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Apartment Deliveries, Construction Starts Decline As Demand For NYC Apartments Dwindles

New York's supply of new housing was on the decline before the coronavirus pandemic and matters are only expected to worsen.

Ongoing construction projects are waning and starts have dwindled, but a study that shows apartment deliveries declined by more than 10% this summer from 2019 means the declining demand for new units in New York City had begun long before the spring.

“It’s nice as human beings to try and say it's all related to the pandemic,” said Doug Ressler, manager of Business Intelligence at Yardi Matrix, a property management software company. “We see the pandemic having very little impact on this, it’s really to a larger business and economy model that says supply and demand.”

Yardi projected about 16,000 market-rate units will come to market by the end of 2020, an 18% drop from 2019’s 19,300 units, according to a report released last night. But construction has been slowing for over a year. 

“We actually saw a decline in new construction beginning in 2019 … developers were pulling back on an immense number of deliveries over the course of the last three years,” Ressler said. “There were periods where a lot of the metro areas were saturated and developers are pulling back to see, ‘Is it going to absorb?’” 

The number of units currently under construction in the city is nearly half its peak in 2016, said Adam Couch, a market analyst for RealPage, another property management software company that collects local-level data on multifamily construction. 

In Q2 2020, New York City had 21,500 units under construction, according to RealPage. Four years earlier, that number was at 40,374. And while construction is an essential business and multifamily has been considered one of the more resilient asset classes, it is unclear if all of those projects will come to fruition.

“The question in terms of how many of those units will actually deliver is pretty interesting,” Couch said. “We’ve seen developers pump the breaks and take a wait-and-see approach, and there’s been some delays in construction."

Between the delays prompted by the shutdown and the uncertainty of the market, the pandemic has had an impact on construction starts as well.

In February, construction starts were down only 1% from the year prior, according to an analysis Dodge Construction Data & Analytics conducted for Bisnow. Multifamily construction starts fell 63% year-over-year in both April and May at the peak of the coronavirus’ wrath and the city’s full shutdown. 

In June, construction starts were down 78% from 2019, even as the city began to open up. By July, however, the year-over-year decrease in construction starts narrowed dramatically, to only 8%, Dodge found.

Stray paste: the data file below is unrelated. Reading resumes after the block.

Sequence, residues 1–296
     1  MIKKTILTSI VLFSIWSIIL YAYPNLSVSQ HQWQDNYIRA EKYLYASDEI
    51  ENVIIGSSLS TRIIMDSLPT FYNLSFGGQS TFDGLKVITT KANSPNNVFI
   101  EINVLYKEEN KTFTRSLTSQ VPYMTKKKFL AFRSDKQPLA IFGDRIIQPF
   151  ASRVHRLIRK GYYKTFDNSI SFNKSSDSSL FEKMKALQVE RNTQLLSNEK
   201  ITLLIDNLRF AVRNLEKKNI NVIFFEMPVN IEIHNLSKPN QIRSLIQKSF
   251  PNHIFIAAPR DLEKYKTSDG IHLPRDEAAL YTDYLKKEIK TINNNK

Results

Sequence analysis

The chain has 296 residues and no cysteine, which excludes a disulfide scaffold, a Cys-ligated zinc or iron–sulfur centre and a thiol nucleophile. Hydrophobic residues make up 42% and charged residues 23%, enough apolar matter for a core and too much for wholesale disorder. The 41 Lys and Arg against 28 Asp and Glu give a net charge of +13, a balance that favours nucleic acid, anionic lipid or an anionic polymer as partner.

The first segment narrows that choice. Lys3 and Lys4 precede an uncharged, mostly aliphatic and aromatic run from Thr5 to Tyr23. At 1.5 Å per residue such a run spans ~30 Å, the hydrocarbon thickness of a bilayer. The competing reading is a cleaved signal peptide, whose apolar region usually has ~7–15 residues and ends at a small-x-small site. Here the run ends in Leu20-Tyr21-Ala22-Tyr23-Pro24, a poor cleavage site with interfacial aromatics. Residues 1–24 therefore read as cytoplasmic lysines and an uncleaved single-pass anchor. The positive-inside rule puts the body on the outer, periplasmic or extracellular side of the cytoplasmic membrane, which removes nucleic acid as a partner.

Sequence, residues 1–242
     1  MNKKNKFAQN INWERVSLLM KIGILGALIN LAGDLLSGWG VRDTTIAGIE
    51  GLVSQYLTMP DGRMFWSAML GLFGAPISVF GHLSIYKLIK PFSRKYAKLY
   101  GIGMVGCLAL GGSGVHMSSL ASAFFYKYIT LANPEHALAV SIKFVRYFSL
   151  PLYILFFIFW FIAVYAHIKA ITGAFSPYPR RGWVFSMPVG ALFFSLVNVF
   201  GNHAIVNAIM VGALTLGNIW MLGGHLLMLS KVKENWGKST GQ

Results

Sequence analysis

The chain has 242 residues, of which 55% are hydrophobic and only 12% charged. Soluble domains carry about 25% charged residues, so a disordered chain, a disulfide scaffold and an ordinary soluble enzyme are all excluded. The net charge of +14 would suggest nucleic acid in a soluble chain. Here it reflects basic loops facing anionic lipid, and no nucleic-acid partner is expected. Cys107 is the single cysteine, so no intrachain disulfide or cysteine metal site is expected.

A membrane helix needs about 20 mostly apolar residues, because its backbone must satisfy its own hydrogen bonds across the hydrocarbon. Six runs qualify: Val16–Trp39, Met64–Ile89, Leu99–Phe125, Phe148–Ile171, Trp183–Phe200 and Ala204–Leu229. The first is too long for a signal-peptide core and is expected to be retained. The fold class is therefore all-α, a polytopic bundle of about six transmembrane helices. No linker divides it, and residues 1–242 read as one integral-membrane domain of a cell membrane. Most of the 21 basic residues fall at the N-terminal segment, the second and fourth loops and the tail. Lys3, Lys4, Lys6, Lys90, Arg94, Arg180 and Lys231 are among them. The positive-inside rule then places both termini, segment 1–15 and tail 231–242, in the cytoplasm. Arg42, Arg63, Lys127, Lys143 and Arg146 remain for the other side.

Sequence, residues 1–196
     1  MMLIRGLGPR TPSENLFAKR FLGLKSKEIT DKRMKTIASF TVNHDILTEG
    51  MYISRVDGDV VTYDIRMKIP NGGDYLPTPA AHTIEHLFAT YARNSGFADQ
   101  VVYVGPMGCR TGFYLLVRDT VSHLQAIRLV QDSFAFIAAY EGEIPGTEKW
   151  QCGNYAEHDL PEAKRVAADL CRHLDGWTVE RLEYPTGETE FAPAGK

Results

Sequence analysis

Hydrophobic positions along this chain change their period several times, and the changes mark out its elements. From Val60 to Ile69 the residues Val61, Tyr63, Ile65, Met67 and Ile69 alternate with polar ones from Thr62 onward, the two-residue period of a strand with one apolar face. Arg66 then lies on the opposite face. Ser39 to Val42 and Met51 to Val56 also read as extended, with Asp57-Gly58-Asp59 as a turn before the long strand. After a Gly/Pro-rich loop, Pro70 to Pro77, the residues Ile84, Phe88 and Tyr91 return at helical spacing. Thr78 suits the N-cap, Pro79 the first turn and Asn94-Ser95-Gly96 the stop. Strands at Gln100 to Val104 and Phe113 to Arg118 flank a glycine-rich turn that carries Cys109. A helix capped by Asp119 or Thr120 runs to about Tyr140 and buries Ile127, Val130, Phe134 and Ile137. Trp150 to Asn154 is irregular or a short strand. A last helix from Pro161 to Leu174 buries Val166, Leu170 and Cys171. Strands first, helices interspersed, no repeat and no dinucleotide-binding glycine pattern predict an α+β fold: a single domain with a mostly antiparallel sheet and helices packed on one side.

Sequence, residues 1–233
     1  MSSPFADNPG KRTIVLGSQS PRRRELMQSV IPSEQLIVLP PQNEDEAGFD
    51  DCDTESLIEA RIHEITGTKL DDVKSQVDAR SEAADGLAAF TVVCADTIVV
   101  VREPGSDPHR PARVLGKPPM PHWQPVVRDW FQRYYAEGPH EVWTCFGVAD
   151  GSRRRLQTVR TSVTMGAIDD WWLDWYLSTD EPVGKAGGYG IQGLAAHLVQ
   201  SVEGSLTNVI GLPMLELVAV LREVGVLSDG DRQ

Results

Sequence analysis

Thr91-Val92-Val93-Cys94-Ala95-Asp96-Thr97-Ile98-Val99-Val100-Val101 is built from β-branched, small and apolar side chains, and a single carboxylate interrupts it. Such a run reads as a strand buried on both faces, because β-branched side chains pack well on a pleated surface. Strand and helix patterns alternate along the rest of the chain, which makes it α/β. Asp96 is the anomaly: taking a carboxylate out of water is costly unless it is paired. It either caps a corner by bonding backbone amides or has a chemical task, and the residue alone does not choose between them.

“When we see changes in the data, they are related to logistical changes resulting from COVID and not necessarily related to demand three years from now, because folks just don’t know what it is going to be like,” National Multifamily Housing Council Vice President of Research Caitlin Walter said. 

The Northeast and West saw a decline in construction permits this year, while the South and Midwest saw an increase, Walter said, with the decline directly correlating to where shutdowns were most stringent, like in New York. 

“Particularly in this environment where we are seeing a lot of COVID-related restrictions on not the development side, but on the economic side — so tenant protections, rent control —  things that can have very damaging consequences to the investment potential of development of apartments is really going to start to factor in to a lot of those construction numbers in certain geographies,” said Paula Cino, NMHC vice president for construction, development and land-use policy.

Cino said construction starts are picking up in areas that have “low barriers to development,” such as in the South and Midwest. 

“It really comes as no surprise that we may already be seeing or may start to see some drawback in some high barrier to entry markets like New York and certainly California,” she said.  

However, developers are beginning to understand how to navigate a new world, Cino said, leading to more stabilized numbers in New York and elsewhere. 

“We are quickly turning a corner there, where many of our members, as well as the jurisdictions we are working in, have really figured out the new normal in at least the construction space,” Cino said. “So we’re not really seeing the barriers in permitting or actual delays related to those kinds of earlier shutdowns.”